Saturday, September 13, 2008

I'm in Russia - part 2

Unfortunately we didn’t get to see much of the city on our drive, but I can say that it’s absolutely beautiful here. It’s very wooded, and reminds me a little of Seattle. Most likely because it’s been drizzly since we got here (and the last two days have been VERY cold—I feel like it’s November, not the beginning of September). The foliage is different than I’ve seen elsewhere though. There are tons of cottonwood (I think) and fir trees. We live in the middle of the forest. I hope I can post pictures soon, because I can’t even begin to describe how gorgeous it is.

From what I’ve seen so far people either live in high-rise cement apartment buildings in the city or in large houses in the woods. We live in the latter. I can’t believe how wealthy this area is. I feel like I’m not getting a real view of Russia because these people are just so well off. But then at the same time I guess it’s giving me a view of how distinct the social classes are. Our school is a very large manor that looks more like a house than a school. It’s four stories tall and even has an indoor pool on the bottom floor.

Tomorrow will be our first day of teaching. We’ve spent the last two days preparing lesson plans, holding training meetings and trying to orient ourselves to the school. I’m the head teacher, which means I won’t actually have my own class, but I’m helping train the other teachers who are here, and I work as a liaison between them and the school. So, that means that everyone at the school talks to me. Well, I made the mistake the first day we were here of speaking to them in the little Russian I know. I was being introduced to someone by Gulya (who speaks English). All I said in Russian was “nice to meet you.” Then they said to each other in Russian that I speak Russian and I responded in Russian by saying I didn’t. That didn’t change their minds though. So now everywhere we go in the school, all the staff members come up to me and just go off in Russian. I do my best to catch one or two words. It’s interesting. Earlier today when we went to eat lunch (and by the way the food is out-of-this-world good) we walked up to the building and this one woman, whom I don’t even remember meeting, said “Nicole.” Our conversation went like this, according to what I understood.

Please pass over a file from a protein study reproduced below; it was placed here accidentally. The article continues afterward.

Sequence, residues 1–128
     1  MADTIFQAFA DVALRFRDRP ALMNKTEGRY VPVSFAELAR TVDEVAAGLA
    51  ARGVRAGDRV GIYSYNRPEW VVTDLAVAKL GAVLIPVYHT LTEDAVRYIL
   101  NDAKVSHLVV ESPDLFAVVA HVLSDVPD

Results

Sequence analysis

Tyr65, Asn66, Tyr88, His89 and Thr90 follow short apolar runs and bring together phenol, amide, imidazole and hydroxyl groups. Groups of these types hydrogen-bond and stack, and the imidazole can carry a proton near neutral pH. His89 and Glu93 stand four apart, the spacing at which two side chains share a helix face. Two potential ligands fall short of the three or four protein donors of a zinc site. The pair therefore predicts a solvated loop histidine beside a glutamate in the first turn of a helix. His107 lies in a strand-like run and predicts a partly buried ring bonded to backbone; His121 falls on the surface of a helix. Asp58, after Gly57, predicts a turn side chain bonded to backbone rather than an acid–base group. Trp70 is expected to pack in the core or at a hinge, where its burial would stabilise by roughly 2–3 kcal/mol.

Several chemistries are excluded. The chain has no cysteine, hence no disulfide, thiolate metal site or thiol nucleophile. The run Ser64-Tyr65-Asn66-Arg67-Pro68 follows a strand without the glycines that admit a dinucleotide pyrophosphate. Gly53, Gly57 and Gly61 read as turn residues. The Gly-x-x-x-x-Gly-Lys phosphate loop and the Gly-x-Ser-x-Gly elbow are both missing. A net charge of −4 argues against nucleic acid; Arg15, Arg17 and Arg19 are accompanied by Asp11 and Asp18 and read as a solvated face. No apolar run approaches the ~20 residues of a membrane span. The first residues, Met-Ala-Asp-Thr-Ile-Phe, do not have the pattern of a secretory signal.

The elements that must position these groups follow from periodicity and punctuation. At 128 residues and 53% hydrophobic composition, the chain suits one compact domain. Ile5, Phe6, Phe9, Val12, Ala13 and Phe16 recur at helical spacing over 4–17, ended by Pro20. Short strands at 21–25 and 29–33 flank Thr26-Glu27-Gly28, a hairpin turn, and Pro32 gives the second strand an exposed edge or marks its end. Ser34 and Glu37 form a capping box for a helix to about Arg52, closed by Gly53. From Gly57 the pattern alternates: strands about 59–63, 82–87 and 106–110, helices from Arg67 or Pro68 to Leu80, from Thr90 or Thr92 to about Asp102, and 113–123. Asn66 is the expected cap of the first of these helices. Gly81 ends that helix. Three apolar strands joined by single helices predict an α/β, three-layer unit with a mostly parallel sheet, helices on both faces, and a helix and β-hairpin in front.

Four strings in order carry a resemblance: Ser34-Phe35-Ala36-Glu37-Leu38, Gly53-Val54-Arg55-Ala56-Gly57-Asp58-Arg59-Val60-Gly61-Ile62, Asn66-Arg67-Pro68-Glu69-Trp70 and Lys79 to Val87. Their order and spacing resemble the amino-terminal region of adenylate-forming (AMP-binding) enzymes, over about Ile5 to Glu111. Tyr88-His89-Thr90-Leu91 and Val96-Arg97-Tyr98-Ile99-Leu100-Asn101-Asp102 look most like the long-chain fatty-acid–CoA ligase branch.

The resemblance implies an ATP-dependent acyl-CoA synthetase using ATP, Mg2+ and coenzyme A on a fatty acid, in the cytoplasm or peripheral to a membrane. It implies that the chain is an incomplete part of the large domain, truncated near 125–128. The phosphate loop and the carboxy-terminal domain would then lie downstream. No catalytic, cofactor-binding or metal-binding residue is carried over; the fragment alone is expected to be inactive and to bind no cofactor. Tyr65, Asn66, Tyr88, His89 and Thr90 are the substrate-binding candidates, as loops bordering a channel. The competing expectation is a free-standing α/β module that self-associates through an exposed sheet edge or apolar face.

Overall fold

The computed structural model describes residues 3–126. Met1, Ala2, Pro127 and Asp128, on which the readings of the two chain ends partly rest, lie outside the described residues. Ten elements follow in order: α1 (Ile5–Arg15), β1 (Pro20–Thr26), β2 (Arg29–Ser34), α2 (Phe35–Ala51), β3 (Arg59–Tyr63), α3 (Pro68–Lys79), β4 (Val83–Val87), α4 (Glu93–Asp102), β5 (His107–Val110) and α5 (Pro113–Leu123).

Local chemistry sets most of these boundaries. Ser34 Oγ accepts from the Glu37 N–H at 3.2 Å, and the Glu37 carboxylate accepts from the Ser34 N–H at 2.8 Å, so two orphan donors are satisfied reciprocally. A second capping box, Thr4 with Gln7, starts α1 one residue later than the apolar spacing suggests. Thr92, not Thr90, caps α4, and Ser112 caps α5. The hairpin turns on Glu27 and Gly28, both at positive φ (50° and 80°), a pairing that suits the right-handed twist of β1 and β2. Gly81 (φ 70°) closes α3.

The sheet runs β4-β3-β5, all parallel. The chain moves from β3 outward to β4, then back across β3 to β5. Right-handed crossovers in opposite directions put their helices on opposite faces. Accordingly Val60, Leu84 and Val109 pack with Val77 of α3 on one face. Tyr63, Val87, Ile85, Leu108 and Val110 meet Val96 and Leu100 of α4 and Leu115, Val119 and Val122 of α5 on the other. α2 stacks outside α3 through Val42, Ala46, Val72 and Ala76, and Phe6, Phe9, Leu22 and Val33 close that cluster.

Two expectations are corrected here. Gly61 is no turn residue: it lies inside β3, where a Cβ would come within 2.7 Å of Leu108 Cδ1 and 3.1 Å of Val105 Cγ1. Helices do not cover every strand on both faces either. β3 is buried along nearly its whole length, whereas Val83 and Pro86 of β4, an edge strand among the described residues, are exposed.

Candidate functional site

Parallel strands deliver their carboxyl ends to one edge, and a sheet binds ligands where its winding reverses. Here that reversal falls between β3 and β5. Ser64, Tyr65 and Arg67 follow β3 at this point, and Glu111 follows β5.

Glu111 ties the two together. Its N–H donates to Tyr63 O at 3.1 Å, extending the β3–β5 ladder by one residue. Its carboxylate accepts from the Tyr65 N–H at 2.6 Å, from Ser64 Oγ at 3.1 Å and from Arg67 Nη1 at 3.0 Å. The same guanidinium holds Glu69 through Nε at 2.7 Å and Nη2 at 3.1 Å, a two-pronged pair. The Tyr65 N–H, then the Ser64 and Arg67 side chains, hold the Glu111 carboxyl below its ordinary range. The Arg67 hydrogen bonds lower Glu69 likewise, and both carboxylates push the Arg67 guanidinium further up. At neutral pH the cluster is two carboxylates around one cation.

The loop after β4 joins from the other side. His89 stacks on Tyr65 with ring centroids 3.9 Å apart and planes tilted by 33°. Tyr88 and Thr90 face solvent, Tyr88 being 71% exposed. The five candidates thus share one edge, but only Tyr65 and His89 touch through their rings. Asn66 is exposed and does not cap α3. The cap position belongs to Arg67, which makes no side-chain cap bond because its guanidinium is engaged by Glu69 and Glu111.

Her: blah blah blah blah blah blah coats blah blah blah blah blah. Do you understand?
Me: No, I don’t understand.
Her: blah blah blah blah blah blah (and her making the movements of us hanging up our coats). Do you understand?
Me: Yes, I understand!
Apparently it’s quite rude here to walk into a building (or at least these VERY nice ones) with your shoes and coat on. And that’s exactly what we did at lunchtime yesterday. We got lectured in Russian and they showed us where to hang our coats and where to put our shoes, so I guess today that woman was stationed outside to catch us before we could make fools of ourselves again.

Well, I need to get going. Hopefully I’ll have time soon to write more...


vickie said...

Thanks for the information on the blog. I enjoyed reading about the "rich" area you are located. Some friends asked if you and Lisa were in the area where the Russia mafia lives. Keep writing! Love, Vickie

Michal said...

i want pictures!!!!!!
i love how they all think you're fluent. it's the best way to get fluent, i promise!:)